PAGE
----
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Editorial: Partnerships between community colleges, businesses boost Nebraska education
MCC’s Auto Training Center

Editorial: Partnerships between community colleges, businesses boost Nebraska education

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Instructor Tim Sievers, right, teaches students Tony Lopez IV, Jose Medina and Dominic Jarecki at the Automotive Training Center on Metropolitan Community College’s South Omaha Campus. A Metro official said auto technicians can earn a starting salary of $40,000 to $45,000 with ample potential for growth.

Partnerships between Nebraska community colleges and private industry continue to demonstrate their value to the state’s economy. Metropolitan Community College provides an impressive example with its new $32 million Automotive Training Center.

Automobiles have increased dramatically in technological sophistication, and the training for auto technicians must keep pace. MCC’s new 100,000-square-foot center on the college’s South Omaha campus has the facilities and faculty to provide instruction at that high level. The center includes instruction on hybrid vehicles and also trains students for work in body shops.

In line with MCC’s practice on other programs, the college developed the South Omaha facility with direct input from local businesses. The result is an enhanced ability for the Omaha area to provide well-paying jobs and meet the local job demand.

The Automotive Training Center is the latest in a series of well-chosen strategic steps by MCC to strengthen its instructional support for students and its ability to meet real-world demands by industry. Major investments at its Fort Omaha campus in recent years include:

The Center for Advanced and Emerging Technology provides instruction not only in basic operation of equipment but also in showing how computing is now heavily integrated in modern manufacturing.

The Construction Education Center places students in a range of real-work experiences for disciplines including architectural drafting, civil engineering, electrical technology and plumbing. The instruction helps students understand the close connections those fields have to information technology.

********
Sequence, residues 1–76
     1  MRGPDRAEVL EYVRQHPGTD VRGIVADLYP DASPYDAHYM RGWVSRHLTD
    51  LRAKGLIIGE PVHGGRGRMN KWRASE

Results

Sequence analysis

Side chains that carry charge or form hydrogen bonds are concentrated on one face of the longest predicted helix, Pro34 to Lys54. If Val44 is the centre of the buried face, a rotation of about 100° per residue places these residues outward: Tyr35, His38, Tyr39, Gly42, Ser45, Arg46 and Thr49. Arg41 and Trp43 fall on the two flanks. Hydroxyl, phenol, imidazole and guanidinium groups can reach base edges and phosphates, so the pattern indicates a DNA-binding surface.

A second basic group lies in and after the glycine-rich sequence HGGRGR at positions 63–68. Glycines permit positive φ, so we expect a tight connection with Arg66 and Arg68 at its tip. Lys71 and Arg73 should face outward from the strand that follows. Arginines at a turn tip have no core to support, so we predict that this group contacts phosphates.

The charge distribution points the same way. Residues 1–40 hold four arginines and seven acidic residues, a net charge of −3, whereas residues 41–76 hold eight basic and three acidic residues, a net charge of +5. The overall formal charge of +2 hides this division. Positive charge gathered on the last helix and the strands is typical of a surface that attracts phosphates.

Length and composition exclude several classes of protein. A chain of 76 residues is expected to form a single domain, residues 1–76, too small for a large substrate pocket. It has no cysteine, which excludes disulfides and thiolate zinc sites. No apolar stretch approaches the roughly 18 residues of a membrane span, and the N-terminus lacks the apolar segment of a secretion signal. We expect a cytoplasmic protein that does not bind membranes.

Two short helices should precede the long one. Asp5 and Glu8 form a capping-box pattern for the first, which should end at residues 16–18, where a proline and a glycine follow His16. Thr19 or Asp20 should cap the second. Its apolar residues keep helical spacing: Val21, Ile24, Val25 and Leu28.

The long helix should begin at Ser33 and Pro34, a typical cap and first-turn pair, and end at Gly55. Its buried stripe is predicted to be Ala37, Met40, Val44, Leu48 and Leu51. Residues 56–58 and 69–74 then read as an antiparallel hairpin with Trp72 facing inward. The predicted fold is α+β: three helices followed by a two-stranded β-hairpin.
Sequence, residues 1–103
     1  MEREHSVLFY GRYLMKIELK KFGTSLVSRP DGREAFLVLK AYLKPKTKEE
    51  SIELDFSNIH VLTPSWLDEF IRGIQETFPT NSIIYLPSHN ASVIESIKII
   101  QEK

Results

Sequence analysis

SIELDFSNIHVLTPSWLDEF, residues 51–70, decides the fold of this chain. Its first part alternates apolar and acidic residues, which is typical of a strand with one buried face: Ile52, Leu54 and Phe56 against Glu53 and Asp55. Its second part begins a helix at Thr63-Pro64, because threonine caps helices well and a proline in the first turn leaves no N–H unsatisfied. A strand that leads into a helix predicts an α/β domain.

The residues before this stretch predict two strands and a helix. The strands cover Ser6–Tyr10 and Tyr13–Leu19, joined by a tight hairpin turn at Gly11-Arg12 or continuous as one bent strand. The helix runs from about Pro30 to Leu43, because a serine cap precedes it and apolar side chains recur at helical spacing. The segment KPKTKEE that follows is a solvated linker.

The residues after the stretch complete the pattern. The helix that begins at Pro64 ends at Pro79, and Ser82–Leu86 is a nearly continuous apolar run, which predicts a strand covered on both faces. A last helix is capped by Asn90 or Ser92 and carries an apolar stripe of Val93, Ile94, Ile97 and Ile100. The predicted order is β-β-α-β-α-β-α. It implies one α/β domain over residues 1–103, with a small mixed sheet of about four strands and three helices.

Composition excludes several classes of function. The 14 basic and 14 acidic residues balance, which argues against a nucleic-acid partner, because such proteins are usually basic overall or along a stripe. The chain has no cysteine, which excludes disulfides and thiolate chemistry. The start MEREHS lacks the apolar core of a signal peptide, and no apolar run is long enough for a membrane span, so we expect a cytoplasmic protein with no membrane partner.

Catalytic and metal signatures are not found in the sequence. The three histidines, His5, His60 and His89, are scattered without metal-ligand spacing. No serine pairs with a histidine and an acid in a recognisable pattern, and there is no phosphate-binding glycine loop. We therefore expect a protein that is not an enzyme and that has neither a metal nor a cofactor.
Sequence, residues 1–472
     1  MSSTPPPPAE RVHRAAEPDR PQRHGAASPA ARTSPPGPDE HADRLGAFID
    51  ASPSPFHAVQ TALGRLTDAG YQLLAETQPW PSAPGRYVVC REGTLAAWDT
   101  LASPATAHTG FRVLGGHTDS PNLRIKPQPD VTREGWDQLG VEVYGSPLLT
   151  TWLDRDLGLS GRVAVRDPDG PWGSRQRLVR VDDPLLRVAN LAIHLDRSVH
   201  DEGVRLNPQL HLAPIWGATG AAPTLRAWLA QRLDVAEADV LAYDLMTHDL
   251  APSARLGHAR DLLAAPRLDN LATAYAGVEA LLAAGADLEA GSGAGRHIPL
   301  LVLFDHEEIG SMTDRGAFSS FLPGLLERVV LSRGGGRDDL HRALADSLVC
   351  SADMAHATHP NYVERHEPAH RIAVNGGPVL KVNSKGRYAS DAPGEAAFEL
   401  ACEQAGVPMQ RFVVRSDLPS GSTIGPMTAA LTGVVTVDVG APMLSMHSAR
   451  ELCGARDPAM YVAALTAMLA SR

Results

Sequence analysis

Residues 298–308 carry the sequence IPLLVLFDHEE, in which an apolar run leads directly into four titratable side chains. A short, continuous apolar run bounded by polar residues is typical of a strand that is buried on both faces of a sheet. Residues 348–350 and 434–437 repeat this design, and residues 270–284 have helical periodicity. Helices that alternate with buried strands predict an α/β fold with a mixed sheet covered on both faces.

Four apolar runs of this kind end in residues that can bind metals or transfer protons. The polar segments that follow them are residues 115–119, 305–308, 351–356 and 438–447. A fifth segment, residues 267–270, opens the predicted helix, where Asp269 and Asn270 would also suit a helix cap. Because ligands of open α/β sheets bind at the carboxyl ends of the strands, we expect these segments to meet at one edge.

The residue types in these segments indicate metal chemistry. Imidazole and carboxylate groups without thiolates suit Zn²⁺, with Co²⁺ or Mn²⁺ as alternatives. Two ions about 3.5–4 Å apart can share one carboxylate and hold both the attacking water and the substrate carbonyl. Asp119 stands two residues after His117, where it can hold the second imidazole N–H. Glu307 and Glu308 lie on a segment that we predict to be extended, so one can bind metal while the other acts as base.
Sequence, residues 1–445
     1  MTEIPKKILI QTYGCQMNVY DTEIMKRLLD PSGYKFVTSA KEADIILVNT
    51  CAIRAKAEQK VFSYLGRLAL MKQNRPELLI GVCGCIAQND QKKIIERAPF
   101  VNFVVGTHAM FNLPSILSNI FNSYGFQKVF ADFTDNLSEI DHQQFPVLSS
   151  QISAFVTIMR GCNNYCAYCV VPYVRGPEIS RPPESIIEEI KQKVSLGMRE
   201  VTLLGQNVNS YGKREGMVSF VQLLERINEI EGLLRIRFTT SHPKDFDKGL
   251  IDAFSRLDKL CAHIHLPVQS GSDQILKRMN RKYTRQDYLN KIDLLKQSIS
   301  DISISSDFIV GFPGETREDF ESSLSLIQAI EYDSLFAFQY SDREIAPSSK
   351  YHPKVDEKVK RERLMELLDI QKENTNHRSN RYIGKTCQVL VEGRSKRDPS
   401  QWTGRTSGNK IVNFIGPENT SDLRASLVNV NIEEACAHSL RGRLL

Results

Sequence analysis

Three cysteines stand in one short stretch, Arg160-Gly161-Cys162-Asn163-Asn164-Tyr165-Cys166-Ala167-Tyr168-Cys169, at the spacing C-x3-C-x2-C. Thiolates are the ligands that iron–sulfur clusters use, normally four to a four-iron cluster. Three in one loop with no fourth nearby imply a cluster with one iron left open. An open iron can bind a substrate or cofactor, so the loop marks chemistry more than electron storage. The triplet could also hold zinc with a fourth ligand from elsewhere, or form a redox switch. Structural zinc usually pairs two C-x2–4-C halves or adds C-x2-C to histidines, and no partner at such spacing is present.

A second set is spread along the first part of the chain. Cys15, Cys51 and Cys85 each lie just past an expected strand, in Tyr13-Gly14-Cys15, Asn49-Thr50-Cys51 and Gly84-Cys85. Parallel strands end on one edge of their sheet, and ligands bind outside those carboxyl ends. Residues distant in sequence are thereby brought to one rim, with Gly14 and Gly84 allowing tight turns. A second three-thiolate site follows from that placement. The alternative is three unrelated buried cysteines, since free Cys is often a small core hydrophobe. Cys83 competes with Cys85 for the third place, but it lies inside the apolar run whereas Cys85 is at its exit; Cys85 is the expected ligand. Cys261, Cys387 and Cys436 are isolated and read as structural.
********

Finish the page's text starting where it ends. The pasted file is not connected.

Academic Skills Center. The center provides instruction in foundational math and technology skills needed for the high-level training in advanced manufacturing and other fields.

Community colleges across the state are working with local industry to meet real-world business needs. The John N. Harms Center at Western Nebraska Community College in Scottsbluff provides up-to-date instruction in a range of advanced technology disciplines. Central Community College coordinates its training programs through cooperation with industries including ethanol, public power and advanced manufacturing in cities including Columbus, Grand Island and Hastings.

“We really try to listen to what our industry partners have to say,” says Doug Pauley, Central’s associate dean of training and development. “We work jointly with them on programs that meet their needs and allow students to get credit as well.”

“Our first-mission priority is to listen our employers,” says Greg Adams, executive director of the Nebraska Community College Association. That collaboration enables the colleges to “make any needed changes to our training, curriculum and equipment in the classroom to make sure we’re meeting their needs.” Industry provides important support to community college efforts through scholarships and helping with equipment purchases.

Industry needs are constantly changing, and Nebraska community colleges understand their obligation to adjust their training in response, Adams says: “Being flexible and adapting to it is what we’re all about.”

MCC’s new automotive training center in South Omaha, based in a constructive partnership with local industry, exemplifies that forward-looking approach.

The Automotive Training Center is the latest

in a series of well-chosen strategic steps by MCC.

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